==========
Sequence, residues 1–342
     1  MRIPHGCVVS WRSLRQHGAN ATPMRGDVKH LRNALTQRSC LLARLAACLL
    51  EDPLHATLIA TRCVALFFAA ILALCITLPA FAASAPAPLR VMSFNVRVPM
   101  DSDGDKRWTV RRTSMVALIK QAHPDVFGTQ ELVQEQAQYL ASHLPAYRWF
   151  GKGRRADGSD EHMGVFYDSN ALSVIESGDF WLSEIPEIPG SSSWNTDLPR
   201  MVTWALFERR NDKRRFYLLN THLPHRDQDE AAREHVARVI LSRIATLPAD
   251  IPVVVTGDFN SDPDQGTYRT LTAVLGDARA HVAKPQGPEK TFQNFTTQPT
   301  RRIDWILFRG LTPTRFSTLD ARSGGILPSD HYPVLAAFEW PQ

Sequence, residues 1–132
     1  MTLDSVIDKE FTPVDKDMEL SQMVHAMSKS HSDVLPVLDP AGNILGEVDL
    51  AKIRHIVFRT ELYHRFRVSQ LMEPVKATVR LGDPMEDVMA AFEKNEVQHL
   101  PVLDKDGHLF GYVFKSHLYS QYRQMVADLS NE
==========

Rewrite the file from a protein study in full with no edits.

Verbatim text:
Sequence, residues 1–342
     1  MRIPHGCVVS WRSLRQHGAN ATPMRGDVKH LRNALTQRSC LLARLAACLL
    51  EDPLHATLIA TRCVALFFAA ILALCITLPA FAASAPAPLR VMSFNVRVPM
   101  DSDGDKRWTV RRTSMVALIK QAHPDVFGTQ ELVQEQAQYL ASHLPAYRWF
   151  GKGRRADGSD EHMGVFYDSN ALSVIESGDF WLSEIPEIPG SSSWNTDLPR
   201  MVTWALFERR NDKRRFYLLN THLPHRDQDE AAREHVARVI LSRIATLPAD
   251  IPVVVTGDFN SDPDQGTYRT LTAVLGDARA HVAKPQGPEK TFQNFTTQPT
   301  RRIDWILFRG LTPTRFSTLD ARSGGILPSD HYPVLAAFEW PQ

Sequence, residues 1–132
     1  MTLDSVIDKE FTPVDKDMEL SQMVHAMSKS HSDVLPVLDP AGNILGEVDL
    51  AKIRHIVFRT ELYHRFRVSQ LMEPVKATVR LGDPMEDVMA AFEKNEVQHL
   101  PVLDKDGHLF GYVFKSHLYS QYRQMVADLS NE